CLUB 57 AT MOMA
The creative nerve of the East Village Dive
The word “seedy” paints a clear picture in the mind of anyone using it to describe a place. More often than not, that place is urban and bears a strong resemblance to the drug-laced crumbles of pre-gentrification New York City in the late ‘70s – specifically, the East Village.
The prescription lenses of time glamorize the East Village’s grit with glitter. A penniless basement venue for no-name artists and exhibitionists gleams with fashionable sex appeal, looking back at it from now. That venue was Club 57, the seedy, racy subject of Club 57: Film, Performance and Art in the East Village, 1978 – 1983, which is currently at the Museum of Modern Art in New York through April 1, 2018.
On view, we see the posters, the art, and the live shows. There are films being shown that document the movement as well. We see the early art of Kenny Scharf, Keith Haring, Tom Scully, the insane performance art of Ann Magnuson and work of Fab 5 Freddy converge together into one raw and sometimes quite fun advant garde arena. Every club that came after took elements and influences from Club 57. The legacy lives on.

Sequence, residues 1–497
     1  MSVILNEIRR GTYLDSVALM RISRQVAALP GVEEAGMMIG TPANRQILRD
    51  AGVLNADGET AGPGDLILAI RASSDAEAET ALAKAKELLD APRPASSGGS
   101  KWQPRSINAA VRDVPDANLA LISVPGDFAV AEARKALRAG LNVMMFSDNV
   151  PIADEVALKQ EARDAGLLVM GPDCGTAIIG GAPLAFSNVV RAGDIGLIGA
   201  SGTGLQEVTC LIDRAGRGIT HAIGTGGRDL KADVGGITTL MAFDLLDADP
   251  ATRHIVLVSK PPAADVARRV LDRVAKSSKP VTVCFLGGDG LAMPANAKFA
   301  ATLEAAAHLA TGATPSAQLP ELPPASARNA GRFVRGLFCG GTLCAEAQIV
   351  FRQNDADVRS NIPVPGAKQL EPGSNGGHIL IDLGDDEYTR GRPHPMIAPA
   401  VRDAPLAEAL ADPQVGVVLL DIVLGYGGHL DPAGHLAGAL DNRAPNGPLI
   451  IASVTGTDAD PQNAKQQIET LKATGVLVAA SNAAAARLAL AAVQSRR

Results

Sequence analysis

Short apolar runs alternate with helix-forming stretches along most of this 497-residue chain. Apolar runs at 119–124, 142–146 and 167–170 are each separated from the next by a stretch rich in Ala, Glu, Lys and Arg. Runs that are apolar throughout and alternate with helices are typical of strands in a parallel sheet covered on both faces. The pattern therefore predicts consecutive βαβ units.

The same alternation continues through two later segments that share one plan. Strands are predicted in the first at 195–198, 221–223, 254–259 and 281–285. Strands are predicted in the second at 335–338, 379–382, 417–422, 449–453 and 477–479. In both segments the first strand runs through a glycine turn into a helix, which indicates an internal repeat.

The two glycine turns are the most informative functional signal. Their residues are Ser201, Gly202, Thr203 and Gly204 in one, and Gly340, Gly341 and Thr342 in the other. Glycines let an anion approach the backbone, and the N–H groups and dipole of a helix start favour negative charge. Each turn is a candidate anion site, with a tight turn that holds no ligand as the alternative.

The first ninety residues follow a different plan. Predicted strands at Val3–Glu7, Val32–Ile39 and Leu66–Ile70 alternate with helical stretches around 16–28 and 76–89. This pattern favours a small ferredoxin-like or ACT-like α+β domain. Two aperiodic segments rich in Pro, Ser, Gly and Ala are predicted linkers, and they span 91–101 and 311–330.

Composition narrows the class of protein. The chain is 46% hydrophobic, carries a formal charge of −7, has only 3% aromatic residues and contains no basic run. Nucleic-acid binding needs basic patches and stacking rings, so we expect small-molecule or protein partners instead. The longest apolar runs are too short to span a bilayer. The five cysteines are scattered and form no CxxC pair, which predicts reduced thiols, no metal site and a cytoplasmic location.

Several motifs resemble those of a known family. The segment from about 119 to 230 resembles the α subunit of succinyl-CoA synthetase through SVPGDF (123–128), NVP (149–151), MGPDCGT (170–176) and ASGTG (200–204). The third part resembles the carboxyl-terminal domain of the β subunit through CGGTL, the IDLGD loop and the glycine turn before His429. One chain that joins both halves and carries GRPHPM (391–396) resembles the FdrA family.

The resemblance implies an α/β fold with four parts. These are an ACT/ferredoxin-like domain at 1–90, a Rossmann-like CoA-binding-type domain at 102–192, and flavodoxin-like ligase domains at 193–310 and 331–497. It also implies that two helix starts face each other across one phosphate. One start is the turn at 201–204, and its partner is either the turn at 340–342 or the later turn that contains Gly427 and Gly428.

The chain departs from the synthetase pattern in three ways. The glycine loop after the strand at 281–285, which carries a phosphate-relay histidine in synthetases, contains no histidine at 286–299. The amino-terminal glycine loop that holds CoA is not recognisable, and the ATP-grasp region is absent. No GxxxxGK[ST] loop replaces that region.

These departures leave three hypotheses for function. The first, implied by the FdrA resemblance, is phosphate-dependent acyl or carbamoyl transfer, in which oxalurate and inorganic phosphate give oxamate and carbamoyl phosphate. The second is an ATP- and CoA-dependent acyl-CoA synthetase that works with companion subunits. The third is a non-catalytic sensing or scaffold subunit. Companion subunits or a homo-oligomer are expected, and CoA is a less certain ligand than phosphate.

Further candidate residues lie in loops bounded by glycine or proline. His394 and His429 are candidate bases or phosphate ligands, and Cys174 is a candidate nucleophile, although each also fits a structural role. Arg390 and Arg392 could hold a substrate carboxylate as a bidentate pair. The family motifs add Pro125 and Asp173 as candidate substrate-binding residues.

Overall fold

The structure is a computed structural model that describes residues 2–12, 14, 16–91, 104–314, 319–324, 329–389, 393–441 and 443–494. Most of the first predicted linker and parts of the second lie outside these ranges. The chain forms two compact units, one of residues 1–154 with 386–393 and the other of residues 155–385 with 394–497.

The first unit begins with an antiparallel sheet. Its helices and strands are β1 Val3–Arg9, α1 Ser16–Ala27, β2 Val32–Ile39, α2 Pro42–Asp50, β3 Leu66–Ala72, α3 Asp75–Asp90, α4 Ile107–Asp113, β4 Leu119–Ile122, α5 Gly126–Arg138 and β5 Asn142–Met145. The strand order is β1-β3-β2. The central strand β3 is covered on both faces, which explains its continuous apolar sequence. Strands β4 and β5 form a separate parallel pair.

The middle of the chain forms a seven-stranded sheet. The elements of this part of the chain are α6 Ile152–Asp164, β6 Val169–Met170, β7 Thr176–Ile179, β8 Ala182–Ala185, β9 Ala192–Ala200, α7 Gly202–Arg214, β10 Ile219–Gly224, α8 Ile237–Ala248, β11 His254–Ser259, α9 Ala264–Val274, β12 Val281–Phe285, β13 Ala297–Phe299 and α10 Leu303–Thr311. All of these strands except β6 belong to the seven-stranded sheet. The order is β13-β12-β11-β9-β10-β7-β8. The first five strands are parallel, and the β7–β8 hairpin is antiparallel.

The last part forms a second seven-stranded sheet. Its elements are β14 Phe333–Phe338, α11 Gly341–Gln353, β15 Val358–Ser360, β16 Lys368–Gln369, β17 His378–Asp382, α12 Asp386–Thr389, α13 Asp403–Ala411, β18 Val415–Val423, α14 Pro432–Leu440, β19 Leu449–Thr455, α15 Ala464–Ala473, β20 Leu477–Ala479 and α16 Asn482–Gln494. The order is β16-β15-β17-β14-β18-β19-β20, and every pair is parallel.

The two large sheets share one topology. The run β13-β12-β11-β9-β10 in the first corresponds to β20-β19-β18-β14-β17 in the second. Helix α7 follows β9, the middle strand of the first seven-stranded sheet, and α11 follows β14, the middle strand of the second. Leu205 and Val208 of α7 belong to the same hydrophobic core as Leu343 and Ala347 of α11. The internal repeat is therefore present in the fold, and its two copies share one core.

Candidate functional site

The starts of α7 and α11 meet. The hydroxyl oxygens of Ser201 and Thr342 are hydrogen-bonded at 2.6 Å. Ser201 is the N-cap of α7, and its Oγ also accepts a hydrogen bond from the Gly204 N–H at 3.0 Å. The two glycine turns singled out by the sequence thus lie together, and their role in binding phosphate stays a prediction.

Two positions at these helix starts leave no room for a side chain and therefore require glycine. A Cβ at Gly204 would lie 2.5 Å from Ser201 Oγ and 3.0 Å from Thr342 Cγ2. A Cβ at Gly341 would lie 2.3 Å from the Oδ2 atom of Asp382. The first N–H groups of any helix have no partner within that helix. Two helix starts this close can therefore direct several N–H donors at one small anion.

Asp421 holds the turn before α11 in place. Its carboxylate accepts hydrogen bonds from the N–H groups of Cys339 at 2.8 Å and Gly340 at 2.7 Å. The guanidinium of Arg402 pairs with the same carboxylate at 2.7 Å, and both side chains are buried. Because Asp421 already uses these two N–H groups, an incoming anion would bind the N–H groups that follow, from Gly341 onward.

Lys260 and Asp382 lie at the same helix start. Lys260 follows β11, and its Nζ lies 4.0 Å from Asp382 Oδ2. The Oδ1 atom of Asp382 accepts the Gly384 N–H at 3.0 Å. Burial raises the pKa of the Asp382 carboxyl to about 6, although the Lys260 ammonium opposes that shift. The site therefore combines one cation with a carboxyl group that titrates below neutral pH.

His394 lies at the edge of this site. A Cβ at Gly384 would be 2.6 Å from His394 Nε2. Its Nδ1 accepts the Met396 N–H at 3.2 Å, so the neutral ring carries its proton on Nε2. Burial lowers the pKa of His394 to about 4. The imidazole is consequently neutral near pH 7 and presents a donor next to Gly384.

The show collages evidence of a moment when irony was fresh and punk was new and the sting of political turmoil struck all the young nerves. Bras were either pointed or pointedly avoided. Unknown artists recognized that it was a fun time going solo, but that you haven’t really lived until you’ve made art with a few partners.
Take a look at these pieces from the show. Notice that the roots of the present are in the past. Then, like running into an ex, let retrospect filter out the bad and leave you loving the good.